John’s marched off to jail, and Grace tells Bert he’ll have to go back to Margaret’s, because she has to work. Bert hates going there, because Margaret’s so terribly sad all the time. I don’t understand why Bert, who’s surely old enough to be able to be left on his own for a bit during the day, has to go stay with a grieving woman, but Mary can stay home with Grace. Surely Bert, who’s supposed to be about 14 at this point, could watch Mary while his mother’s at work? Or shouldn’t she be with Margaret too? I’m confused by this.

Martha’s newest demand of her employer is that he show the ladies how much he appreciates them. Oh, come on, Martha. What do you want, a pat on the head? A gold star? Do you need validation this badly? I’m not saying workers shouldn’t be appreciated, but pouting to your boss that he doesn’t love you enough is not a good way to help women gain inroads into the workplace. I find it really hard to believe any of the men who used to work there went whining to Hankin, telling him he needed to show his appreciation. Hankin’s probably counting the days until the war ends and he can fire these demanding women and hire back the men.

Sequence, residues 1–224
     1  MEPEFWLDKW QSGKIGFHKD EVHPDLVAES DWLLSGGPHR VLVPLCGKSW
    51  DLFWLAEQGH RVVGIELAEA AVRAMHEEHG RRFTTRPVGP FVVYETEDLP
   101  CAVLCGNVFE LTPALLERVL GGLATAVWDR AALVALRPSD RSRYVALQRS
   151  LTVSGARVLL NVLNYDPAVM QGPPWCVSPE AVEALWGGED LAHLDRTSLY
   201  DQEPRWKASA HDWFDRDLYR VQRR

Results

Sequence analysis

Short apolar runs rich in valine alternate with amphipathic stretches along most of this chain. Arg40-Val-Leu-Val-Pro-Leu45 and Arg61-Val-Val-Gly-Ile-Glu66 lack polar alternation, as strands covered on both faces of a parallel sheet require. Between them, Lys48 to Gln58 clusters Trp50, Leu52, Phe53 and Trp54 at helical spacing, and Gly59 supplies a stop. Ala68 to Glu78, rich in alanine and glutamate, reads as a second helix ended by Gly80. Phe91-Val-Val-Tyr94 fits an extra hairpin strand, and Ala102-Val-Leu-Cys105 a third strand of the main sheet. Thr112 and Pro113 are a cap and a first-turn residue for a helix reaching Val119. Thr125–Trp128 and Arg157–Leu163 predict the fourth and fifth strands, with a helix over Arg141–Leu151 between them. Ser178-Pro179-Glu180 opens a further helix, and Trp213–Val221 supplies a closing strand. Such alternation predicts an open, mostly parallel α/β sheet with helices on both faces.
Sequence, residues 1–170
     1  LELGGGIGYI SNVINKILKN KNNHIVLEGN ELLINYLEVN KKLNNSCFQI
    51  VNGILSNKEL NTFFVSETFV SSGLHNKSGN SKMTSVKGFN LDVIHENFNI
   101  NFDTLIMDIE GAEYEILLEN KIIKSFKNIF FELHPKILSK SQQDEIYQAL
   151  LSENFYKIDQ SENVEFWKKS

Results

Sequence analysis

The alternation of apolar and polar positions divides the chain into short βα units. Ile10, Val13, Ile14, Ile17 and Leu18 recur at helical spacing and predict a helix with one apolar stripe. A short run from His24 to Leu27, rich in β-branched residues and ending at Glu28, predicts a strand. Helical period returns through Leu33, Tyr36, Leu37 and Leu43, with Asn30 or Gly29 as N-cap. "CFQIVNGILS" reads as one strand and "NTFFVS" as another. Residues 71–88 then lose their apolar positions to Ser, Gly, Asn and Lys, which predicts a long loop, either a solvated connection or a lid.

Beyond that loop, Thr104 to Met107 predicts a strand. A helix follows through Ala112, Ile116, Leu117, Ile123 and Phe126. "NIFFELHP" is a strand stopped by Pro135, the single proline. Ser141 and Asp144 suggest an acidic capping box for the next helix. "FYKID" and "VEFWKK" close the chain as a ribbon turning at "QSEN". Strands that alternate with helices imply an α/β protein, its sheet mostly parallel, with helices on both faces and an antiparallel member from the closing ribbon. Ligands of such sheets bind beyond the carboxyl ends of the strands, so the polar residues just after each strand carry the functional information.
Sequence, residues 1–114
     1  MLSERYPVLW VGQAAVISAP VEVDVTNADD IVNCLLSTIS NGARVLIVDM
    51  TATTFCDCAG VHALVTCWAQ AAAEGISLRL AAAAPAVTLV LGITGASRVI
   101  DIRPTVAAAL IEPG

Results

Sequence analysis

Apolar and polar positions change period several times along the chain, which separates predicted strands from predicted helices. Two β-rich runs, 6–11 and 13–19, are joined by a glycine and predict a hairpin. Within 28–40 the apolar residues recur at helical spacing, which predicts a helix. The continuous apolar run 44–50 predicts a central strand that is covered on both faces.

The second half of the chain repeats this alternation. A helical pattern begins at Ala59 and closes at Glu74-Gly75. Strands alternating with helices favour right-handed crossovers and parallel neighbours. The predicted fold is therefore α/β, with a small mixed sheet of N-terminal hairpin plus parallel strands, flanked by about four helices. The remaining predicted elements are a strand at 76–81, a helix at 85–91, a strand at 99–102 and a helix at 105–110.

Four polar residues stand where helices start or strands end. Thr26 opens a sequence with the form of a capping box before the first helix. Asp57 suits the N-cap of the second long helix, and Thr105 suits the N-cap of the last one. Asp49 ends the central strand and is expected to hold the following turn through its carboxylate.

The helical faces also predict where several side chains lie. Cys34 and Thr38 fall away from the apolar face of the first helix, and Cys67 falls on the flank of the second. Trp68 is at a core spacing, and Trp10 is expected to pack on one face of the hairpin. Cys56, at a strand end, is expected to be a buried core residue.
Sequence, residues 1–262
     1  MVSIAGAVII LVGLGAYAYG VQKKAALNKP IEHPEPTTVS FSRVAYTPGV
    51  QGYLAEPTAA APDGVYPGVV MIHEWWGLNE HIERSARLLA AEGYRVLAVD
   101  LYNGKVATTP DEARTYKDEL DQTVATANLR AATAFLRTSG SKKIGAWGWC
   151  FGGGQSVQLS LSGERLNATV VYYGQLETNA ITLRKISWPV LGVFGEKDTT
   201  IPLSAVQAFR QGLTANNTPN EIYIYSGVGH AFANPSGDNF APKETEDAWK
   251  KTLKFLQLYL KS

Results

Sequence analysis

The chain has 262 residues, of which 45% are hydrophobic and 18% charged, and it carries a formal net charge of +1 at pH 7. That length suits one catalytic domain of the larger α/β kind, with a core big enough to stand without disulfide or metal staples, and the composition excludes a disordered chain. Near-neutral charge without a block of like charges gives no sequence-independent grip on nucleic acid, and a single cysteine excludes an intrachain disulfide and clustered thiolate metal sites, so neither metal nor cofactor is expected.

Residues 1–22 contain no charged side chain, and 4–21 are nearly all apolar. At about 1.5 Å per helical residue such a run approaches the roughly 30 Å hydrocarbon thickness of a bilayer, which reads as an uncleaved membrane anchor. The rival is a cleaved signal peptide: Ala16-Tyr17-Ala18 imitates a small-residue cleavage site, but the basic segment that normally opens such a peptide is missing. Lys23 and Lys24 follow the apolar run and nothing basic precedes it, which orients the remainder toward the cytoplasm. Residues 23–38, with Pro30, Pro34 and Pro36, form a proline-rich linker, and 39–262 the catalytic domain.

Martha decides the best way Hankin can show his appreciation is by allowing Grace to bring her baby into a factory for the day. I can’t count how many ways this is a terrible, stupid idea. Hankin is not on board with this, but Martha insists Grace doesn’t have a choice. Yes she does! Margaret! Who’s going to look after this baby all day while Grace works, and make sure she doesn’t lose a finger in the machinery or something? This isn’t a crèche, it’s a goddamn factory! With sharp, dangerous, moving machinery! God, I can’t stand Martha.

Bert’s in school, now happily writing with his left hand, because Lane doesn’t care. He asks the class where the Vikings came from, and this turns into a debate with one of the kids over whether or not Germans are evil.